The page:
Cannone 75/27CK su Ceirano 50 C.M.A.

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Hi everyone, I want to suggest to you the 75/27CK on Ceirano 50, one of the earliest autocannone of the Italian army.



The history of this machine has to be dated in the late 1915, when the first 75/27 cannon was mounted on an Italia X chassis as an AA battery.

The nomenclature C.K. for the 75/27 cannon stands for “Commissione Krupp” (Krupp Commission) and was used to distinguish the 75/27 mod. 906 cannon (made using the Krupp design) from the 75/27 mod.911 of French design.

The machine proved itself very effective during WWI, but also aged very quickly and, in 1927, the gun was mounted on a more modern chassis, the Ceirano 50 C.M.A.

More than 160 units of this machine were built and saw service until the end of the war, even if the piece was already far outdated for its role.

Some reports say that four batteries of these machines served ‘till 1955 in the colonies of Ceuta and Melilla under the Spanish army.

What really shocked most historians and researchers is that the Italian High Command never thought of using this huge amount of dual-purpose guns for anti-tank combat, relegating them only for anti-air duty until late 1941, after learning about the German experience with the 88mm gun.

Only then we can find reports of them being used by both Italian and German soldiers against British troops, but ,unfortunately, with only minor success.


Like its predecessor the Ceirano aged pretty badly and, during WWII, many commanders expressed their concern about it being “extremely hard to protect in a convoy, due to its low speed on roads, that decreased even more when going off road”.

This was to reconduct to the already weak engine of the Machine, a Ceirano 50C, 4-cylinders, 4720cc with only 53Hp at 1750rpm, that managed to move the 7.2t vehicle (when fully loaded) at only 25Km/h on roads and barely 12Km/h off-road.

The machine also suffered a lot the desert environment due to its overall weight and the old spring leaf suspensions, this meant that the machine used to sink and scrape its own bottom while traveling on deep sand.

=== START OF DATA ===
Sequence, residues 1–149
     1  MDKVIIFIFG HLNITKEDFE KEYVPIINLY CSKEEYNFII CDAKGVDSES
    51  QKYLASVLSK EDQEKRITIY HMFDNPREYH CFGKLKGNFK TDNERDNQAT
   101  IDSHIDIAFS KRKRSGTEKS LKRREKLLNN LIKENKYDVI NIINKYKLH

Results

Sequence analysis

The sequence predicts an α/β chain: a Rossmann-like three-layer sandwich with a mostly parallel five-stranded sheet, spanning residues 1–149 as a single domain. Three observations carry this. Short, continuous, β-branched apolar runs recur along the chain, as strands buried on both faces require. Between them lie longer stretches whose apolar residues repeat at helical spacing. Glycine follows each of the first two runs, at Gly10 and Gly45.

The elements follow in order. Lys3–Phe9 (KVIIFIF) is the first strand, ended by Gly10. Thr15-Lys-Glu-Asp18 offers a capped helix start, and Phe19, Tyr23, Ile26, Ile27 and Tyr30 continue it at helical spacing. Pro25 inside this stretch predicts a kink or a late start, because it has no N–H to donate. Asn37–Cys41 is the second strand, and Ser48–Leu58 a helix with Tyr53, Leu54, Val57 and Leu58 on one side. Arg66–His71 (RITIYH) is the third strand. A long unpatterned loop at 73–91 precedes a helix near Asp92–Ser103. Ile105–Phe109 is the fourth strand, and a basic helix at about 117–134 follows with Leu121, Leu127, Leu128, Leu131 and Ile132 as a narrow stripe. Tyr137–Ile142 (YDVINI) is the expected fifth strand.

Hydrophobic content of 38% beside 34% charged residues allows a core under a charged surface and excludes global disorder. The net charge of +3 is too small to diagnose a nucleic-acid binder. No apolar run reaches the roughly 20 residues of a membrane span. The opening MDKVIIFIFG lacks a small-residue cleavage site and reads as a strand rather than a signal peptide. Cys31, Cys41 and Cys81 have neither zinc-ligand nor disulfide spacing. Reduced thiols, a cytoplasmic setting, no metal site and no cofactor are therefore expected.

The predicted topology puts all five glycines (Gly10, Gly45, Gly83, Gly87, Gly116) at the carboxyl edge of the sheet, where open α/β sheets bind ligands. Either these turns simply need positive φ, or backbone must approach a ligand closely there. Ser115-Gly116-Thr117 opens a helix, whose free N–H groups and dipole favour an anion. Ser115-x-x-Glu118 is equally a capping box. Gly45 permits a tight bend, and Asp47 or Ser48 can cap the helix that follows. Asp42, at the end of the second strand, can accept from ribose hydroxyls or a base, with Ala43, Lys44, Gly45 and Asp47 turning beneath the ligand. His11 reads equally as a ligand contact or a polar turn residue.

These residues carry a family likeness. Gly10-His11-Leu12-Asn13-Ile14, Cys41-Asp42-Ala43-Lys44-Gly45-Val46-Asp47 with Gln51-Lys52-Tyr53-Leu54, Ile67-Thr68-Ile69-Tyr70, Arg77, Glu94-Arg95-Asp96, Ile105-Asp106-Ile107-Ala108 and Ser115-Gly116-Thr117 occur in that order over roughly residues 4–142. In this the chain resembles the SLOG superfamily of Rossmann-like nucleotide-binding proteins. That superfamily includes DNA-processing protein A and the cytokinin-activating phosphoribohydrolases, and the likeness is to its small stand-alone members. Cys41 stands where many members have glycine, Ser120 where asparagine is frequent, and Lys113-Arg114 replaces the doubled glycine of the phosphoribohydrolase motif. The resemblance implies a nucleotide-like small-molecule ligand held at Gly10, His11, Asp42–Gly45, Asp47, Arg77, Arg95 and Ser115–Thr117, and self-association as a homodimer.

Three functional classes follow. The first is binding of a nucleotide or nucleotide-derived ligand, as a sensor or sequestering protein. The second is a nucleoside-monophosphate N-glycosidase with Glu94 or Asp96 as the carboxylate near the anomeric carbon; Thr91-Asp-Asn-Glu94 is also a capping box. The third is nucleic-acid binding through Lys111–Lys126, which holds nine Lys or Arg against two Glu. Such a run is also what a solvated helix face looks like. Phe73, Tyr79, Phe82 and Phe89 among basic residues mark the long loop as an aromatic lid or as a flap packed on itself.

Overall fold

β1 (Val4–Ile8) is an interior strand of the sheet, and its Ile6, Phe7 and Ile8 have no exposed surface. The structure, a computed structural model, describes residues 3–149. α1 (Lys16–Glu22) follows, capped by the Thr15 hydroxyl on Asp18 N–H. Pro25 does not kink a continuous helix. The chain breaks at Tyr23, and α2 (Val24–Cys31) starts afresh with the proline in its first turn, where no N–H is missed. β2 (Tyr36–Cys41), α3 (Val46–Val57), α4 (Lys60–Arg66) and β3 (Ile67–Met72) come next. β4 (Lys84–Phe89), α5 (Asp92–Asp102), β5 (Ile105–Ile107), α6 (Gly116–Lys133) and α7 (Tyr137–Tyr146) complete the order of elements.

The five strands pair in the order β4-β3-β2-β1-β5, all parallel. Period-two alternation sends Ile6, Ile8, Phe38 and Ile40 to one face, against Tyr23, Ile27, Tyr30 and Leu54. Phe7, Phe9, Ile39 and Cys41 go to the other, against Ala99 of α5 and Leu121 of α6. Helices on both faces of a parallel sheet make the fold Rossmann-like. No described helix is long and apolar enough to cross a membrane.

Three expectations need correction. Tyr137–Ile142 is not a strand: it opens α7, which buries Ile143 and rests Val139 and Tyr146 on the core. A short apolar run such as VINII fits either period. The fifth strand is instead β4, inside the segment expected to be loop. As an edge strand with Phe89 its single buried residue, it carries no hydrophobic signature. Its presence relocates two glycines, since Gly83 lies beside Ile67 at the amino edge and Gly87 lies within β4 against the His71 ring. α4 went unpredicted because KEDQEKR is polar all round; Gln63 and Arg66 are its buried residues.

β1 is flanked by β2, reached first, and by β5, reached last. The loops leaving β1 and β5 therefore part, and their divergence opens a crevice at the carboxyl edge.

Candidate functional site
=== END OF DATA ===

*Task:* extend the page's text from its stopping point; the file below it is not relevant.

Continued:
Another problem that was constantly reported was the overall dimensions of the machine, that made it easy to spot from the air.


Albeit being weak, the Ceirano boosted a high number of crewmembers on board, 8 total : the driver, the commander, 2 gunners, 2 loaders and also two specialists, whose role was to help while setting the correct time for the Air burst shell fuse.

Apart from the driver and the commander that seated in the cabin, all the other soldiers seated in the cargo bed of the truck, 2 right behind the cabin on foldable seats and the other four on a makeshift bench on the rear ammo storage during travel.

During combat the four soldiers seated in the back manned the gun, while the two specialists helped them tracking their target from outside the machine, with all the proper equipment. (In the game they will only be able to seat in the back of the cabin as additional crew)

Here I’ll add an image on how the crew operated the gun:



And one where I show where they were seated during travel (mostly for information purpose, as they will be always manning the gun in game):



Protection wise, the machine offered nothing to the crew, being it originally an AA piece that stationed far away from the frontline.


As I said in the beginning the gun is a 1906 75/27 cannon licensed by Krupp.

The gun was mounted on a chandelier stand that made the gun able to rotate 360° horizontally and elevate from 0° to 70° vertically.

In this video from “Archivio Luce” you can see the rotation and elevation speed of the gun ( from 6:28 to 6:47) and also the 8 crewmembers for each truck operating it:

The limited vertical ark of the gun was another note of concern for Italian soldiers while engaging in anti-air operations, this was also worsened by the initial low muzzle velocity of the gun.[1]

The gun was able to fire two different types of ammunition, a time-fuse flack round and, later on, the Granata Perforante 75/27, both with an initial muzzle velocity of 510m/s and a sustained rate of fire of 15 rounds per minute ( 1 shot every 4s) thanks to the 2 loaders.